Accommodating students with special needs

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Busy visual stimulation on classroom walls may distract others. Work together with their special education teachers and learn as much as you can about their strengths and difficulties.

Social expectations may frustrate students with special needs. You’ll find many ways to make reasonable accommodations.

These students often have prolific visual discrimination and pattern recognition skills, plus a single-minded ability to concentrate for extended periods of time and successfully engage in repetitive activities.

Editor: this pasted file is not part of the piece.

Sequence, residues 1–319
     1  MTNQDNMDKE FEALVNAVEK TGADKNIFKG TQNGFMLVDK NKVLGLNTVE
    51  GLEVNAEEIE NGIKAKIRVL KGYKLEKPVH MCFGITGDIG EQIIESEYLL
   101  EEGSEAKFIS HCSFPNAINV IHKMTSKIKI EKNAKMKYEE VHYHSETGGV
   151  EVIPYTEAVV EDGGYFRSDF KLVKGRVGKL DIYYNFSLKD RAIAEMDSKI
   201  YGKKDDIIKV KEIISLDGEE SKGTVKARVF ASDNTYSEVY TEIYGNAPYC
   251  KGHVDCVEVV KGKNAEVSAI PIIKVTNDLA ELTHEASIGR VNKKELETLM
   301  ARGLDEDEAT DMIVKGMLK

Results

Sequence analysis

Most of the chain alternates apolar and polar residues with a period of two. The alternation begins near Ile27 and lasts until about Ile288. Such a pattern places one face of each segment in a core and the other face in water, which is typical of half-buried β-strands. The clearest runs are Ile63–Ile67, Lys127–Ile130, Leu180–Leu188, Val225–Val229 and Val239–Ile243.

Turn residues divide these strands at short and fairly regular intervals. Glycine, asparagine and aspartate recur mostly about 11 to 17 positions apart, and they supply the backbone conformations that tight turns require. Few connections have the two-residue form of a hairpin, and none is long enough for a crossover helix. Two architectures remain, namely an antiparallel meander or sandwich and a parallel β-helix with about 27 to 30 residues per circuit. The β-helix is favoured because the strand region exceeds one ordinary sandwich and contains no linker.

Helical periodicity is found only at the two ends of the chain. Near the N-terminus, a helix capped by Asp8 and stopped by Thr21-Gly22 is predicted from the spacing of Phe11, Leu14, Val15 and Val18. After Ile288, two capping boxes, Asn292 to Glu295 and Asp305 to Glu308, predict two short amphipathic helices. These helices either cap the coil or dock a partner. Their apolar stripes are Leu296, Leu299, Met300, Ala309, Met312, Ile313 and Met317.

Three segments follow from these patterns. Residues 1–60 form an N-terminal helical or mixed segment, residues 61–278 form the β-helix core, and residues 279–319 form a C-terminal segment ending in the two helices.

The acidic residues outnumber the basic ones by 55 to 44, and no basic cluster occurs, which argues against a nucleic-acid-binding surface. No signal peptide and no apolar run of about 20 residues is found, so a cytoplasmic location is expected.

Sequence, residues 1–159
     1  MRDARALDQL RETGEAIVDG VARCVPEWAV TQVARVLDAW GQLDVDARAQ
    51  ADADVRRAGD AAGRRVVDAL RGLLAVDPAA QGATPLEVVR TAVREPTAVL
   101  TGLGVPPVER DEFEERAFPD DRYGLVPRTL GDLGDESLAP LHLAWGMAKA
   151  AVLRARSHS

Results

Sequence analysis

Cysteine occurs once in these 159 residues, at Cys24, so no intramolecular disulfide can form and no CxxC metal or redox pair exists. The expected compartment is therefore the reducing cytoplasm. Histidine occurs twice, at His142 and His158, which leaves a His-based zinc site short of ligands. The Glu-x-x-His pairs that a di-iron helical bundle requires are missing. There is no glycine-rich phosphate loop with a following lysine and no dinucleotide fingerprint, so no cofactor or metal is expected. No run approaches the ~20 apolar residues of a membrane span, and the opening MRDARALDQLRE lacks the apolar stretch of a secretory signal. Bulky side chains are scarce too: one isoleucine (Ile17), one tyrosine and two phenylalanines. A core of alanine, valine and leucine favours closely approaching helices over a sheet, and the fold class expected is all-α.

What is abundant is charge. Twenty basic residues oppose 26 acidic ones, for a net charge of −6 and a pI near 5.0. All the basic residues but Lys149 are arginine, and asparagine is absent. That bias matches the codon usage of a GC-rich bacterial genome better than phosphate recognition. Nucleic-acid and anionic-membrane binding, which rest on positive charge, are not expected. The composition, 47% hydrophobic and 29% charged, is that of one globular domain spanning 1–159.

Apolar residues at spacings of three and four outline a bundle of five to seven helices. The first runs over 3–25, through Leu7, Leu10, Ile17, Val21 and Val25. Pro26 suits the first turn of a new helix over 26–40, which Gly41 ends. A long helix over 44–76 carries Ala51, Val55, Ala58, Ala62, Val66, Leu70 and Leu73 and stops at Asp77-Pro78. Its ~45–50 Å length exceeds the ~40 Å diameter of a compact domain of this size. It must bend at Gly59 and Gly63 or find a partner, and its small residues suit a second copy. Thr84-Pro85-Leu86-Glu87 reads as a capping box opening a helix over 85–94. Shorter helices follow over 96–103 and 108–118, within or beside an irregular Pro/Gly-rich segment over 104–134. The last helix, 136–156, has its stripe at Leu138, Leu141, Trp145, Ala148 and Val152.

Think – this describes many students with special needs.

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The article also goes on to discuss the problems many pediatricians have with technology use by young children, such as excessive screen time, which can lead to poor sleep habits.

Approach your students with special needs with high expectations, but don’t adopt a Pollyanna mindset. For some students, the science and math content may be beyond their current learning level.

The pace of the lesson may be difficult for some to keep up.

Academy report, about 34% of kids with autism spectrum disorders gravitate to courses and careers involving science, technology, engineering and math.

That contrasts with 20% of students in the general school population.

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